Kids Like Me: How I Found Comfort at the Library Printers
Written by Giannina Imperial
Here at Hillsdale, connections between students can sometimes be found in the most unusual places. Case in point: Mossey Library.
I was enrolled in Great Books I during my freshman spring semester. It was the last day of class before exams started and the due date for our final term paper. A procrastinator at the time, I waited until the night before to begin writing my paper—a decision my immune system and I would regret later on. After several hours of typing words, deleting words, and drinking coffee, I jogged to the library the next morning at 7:45 a.m. to print off my finished product, sporting sweatpants and sipping even more coffee.
With four business-quality printers and no printing fee, the library is where most students print off their assignments. Since it was a dismal hour of the morning, and I was under the impression that I was probably one of the more irresponsible students at Hillsdale, I expected to walk into an empty library.
But I was mistaken. I saw six, maybe seven students from my fifteen-student class trying to log into their computers to print off their papers, too. They, too, seemed exhausted, looking about as sunken-eyed and lazily dressed as I was. After seeing my fellow classmates come to class throughout the semester in dresses or blazers, never late and always prepared, it was a change of perspective.
I did not know those students well enough to make any conversation, but we didn’t need to converse. It was enough to exchange glances, see our similar states, and trade simple, subtle smiles in acknowledgment of the struggles we’d separately shared together over the last ten hours.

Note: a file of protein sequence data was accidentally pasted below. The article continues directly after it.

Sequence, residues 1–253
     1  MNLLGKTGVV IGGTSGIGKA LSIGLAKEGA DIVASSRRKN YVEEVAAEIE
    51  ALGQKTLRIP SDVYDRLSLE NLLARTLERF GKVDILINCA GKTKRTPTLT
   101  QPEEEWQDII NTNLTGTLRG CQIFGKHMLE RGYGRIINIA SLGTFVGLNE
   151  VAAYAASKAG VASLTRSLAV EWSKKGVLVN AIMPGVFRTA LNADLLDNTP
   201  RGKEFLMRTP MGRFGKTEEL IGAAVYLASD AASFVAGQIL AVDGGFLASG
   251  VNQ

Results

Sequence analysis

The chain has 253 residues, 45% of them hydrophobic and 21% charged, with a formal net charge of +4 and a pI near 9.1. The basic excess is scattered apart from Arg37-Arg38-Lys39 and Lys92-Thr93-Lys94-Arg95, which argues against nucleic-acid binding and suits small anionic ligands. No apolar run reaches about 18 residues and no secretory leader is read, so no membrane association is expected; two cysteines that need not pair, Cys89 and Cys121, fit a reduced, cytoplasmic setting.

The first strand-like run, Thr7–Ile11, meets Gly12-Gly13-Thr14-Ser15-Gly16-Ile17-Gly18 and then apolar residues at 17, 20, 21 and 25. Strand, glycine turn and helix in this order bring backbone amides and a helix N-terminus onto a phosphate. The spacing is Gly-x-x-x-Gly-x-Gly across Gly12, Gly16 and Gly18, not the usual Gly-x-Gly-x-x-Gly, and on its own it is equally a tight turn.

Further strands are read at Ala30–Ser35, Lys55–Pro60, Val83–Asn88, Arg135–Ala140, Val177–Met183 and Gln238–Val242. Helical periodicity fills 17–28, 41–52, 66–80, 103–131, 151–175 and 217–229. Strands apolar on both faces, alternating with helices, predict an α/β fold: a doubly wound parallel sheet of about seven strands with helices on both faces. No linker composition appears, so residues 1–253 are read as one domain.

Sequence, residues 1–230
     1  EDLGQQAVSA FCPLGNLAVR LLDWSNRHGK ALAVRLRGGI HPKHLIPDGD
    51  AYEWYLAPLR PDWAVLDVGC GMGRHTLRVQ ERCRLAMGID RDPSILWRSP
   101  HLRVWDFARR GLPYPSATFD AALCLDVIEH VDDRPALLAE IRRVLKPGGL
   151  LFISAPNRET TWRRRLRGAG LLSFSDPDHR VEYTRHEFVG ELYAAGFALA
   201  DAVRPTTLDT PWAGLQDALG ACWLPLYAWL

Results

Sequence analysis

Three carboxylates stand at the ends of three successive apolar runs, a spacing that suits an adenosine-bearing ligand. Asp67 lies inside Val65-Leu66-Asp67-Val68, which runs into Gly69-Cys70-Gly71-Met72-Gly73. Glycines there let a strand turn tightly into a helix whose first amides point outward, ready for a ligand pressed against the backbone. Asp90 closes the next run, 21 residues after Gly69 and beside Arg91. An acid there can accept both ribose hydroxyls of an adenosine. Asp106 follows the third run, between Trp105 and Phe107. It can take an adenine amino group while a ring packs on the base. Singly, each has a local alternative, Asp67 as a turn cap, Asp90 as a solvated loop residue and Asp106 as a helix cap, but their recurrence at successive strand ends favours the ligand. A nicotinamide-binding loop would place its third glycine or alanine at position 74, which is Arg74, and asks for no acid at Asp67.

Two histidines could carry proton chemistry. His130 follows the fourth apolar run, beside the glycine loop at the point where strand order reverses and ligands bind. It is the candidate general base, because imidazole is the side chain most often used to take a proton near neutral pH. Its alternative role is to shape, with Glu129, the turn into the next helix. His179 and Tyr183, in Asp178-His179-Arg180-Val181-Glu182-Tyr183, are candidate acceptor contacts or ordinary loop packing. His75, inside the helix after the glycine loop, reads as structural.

Silly, seemingly irrelevant, and forgetful experiences like these remind me of this: No matter how intelligent, diligent, responsible, determined, and high caliber Hillsdalians are, they are just kids like me. We miss marks, we forget rehearsals, we receive grades below our expectations, and of course, we procrastinate. But these struggles form a sense of community so strong that even the menial task of printing off our final term papers reminds us that we struggle together.
Giannina Imperial, ’18, is a psychology major and biology minor from Jackson, MI. If she isn’t in the Psychology Suite running research participants or in AJ’s immersed in her biology textbooks, you’ll find her in the music hall for one of the dozen rehearsals she’ll have that day. She loves God, neuroscience, dancing like no one’s watching, getting ice cream with friends, and trying out every Filipino recipe in her mother’s arsenal of cookbooks.